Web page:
7

Subsequent to the imposition of their sentences, however, appellants moved for a new trial, or for mitigation of their sentences, or to withdraw their nolo pleas.7 The district court denied these motions, stating:

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8

The court must observe that defendants' motions to withdraw their pleas (of) nolo contendere and for a new trial are a classic example of wanting to eat one's cake and have it too. The defendants are willing to plead and have sentence imposed by the court, but if it doesn't suit their fancy then they feel free to seek relief from the consequences of their plea. Defendants less privileged would not be so bold.

9

The court does not take pleas of guilty or nolo contendere lightly; neither should the defendants. They entered into them advisedly and there was a substantial basis on which the court would accept the pleas . . . (T)he sentences imposed and the term of incarceration is of a minimal nature, namely, only 60 days' confinement. This is hardly a disparate sentence even if most other antitrust violations are punished only by a fine.

I. Motions for a New Trial

10

Having plead nolo contendere, appellants waived their right to trial. Cf. United States v. Forrest, 356 F.Supp. 343 (W.D.Mich.1973). Just as the validity of a guilty plea is not properly tested by a motion for a new trial, Williams v. United States, 290 F.2d 217 (5th Cir. 1961), similarly a plea of nolo contendere is not properly challengable, at least as to non-jurisdictional and non-constitutional grounds, by such a motion. Cf. Dillon v. United States, 113 F.2d 334 (8th Cir.), cert. denied, 311 U.S. 689, 61 S.Ct. 71, 85 L.Ed. 445 (1940). See generally Lott v. United States, 367 U.S. 421, 426, 81 S.Ct. 1563, 1566, 6 L.Ed.2d 940, 944 (1961). Accordingly, the district court did not err in denying appellants' motions for a new trial.

11

II. Motions to Withdraw Pleas or for Mitigation of Sentences

12

Contrary to appellants' assertion, Rule 11 does not require that the district court find a factual basis for a plea of nolo contendere, as opposed to a plea of guilty.8 United States v. Wolfson, 52 F.R.D. 170, 174-76 & nn. 9-10 (D.Del.1971), aff'd memo, 474 F.2d 1340 (3d Cir. 1973); 1 C. Wright, Federal Practice & Procedure, Criminal, § 177 at 390-91 (1969). In any event, the stipulation by defense counsel at the nolo hearing concerning the earlier trial adequately establishes that a factual basis for the appellants' nolo pleas existed.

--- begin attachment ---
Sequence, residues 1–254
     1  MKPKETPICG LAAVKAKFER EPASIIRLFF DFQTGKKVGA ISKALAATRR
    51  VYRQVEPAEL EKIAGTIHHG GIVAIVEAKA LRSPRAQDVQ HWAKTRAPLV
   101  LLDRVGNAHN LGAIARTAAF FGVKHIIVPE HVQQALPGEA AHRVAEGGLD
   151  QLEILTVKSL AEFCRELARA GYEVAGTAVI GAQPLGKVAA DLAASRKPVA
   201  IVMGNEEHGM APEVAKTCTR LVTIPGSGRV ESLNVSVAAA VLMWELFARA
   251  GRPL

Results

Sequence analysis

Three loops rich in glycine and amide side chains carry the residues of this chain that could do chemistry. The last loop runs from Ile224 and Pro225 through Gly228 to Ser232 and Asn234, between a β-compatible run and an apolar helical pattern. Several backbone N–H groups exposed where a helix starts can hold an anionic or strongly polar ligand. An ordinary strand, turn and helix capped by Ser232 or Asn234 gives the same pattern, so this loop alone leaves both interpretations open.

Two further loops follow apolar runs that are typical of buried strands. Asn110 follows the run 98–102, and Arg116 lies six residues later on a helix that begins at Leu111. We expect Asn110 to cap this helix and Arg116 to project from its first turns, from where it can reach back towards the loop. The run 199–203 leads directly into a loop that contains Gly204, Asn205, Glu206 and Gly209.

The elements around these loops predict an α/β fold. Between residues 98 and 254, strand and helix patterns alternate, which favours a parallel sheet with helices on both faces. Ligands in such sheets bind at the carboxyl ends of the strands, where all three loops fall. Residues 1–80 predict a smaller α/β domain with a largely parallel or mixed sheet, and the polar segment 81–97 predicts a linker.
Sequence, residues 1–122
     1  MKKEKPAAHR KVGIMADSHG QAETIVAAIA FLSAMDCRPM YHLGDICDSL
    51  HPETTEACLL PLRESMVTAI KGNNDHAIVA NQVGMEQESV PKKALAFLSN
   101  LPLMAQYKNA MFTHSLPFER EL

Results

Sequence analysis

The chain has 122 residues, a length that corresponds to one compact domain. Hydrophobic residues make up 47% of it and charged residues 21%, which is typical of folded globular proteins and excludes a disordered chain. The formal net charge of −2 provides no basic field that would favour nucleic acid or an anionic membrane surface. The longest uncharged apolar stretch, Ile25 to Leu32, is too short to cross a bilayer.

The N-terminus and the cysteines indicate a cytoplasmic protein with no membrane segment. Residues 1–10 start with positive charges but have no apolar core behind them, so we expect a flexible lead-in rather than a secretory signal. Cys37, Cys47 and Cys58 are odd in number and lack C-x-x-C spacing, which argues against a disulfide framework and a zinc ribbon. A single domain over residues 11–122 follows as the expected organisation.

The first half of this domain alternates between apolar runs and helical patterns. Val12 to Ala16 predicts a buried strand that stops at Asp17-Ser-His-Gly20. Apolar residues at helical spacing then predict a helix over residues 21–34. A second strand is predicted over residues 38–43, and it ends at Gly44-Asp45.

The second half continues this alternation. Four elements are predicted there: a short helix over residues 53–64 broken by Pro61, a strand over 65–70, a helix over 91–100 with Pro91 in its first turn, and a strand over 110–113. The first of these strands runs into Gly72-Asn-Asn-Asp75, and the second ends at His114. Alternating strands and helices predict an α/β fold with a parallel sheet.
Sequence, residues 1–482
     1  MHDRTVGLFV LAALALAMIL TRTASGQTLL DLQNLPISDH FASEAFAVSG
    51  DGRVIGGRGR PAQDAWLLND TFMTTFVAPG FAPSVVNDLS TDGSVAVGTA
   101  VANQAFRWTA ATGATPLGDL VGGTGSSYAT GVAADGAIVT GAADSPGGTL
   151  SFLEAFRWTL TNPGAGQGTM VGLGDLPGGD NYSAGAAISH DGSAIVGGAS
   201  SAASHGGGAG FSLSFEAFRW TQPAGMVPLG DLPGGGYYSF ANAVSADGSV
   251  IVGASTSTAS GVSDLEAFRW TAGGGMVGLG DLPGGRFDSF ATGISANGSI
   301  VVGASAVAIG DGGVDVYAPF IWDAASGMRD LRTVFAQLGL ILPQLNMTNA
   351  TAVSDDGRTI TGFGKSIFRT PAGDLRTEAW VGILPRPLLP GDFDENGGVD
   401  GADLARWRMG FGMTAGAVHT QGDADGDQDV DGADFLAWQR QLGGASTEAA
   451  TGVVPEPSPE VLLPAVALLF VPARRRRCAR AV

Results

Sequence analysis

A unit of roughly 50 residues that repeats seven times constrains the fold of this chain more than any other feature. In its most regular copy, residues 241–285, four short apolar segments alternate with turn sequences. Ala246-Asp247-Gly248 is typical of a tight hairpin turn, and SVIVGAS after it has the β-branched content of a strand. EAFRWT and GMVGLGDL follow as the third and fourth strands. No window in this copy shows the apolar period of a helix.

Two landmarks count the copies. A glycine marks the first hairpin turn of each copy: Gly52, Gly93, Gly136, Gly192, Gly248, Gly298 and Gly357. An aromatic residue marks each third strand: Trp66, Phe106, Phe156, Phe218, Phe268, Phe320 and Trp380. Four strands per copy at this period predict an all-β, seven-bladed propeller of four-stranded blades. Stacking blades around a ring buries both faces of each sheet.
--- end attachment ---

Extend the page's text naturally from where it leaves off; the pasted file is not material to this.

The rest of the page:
13

Findley's contention that his punishment is cruel and unusual is without merit. The sentence is well below the statutory maximum; the district court took into account the state of Findley's health, and utilized a pre-sentence report. United States v. Brager, 474 F.2d 598 (5th Cir.), cert. denied, 414 U.S. 846, 94 S.Ct. 111, 38 L.Ed.2d 93 (1973); United States v. Rojas-Colombo, 462 F.2d 1091 (5th Cir. 1972), cert. denied sub nom., Navarro v. United States, 410 U.S. 990, 93 S.Ct. 1507, 36 L.Ed.2d 188 (1973).

14

Accordingly, since appellants' 32(d) motions to withdraw their nolo pleas were made after sentencing, the only remaining question before this court is whether the district court abused its discretion in refusing to permit appellants to withdraw their nolo pleas despite their assertion of manifest injustice.9 See United States v. Shapiro, 222 F.2d 836 (7th Cir. 1955); United States v. Preston Trucking Co., 364 F.Supp. 515 (N.D.Ohio 1973). The mere fact that appellants' sentences were harsher than many of those brought to their attention by their attorneys does not evidence manifest injustice. See United States v. Cravatas, 330 F.Supp. 91, 100-01 (D.Conn.1971) (affirmed by Second Circuit from the bench). There has been no assertion that appellants' trial counsel were incompetent. Had the appellants moved to withdraw their pleas before sentencing, this case might stand on a different footing.

15

Here, however, appellants were aware of the potentially helpful witnesses and what they would testify to before the imposition of their sentences but they made no motion to withdraw their nolo pleas at that time. Neither manifest injustice nor an abuse of discretion is shown merely because appellants chose to test the water and found it too fervid. They made an intelligent and voluntary decision not to go to trial despite the evidence that potentially impeached Lee Latham.

16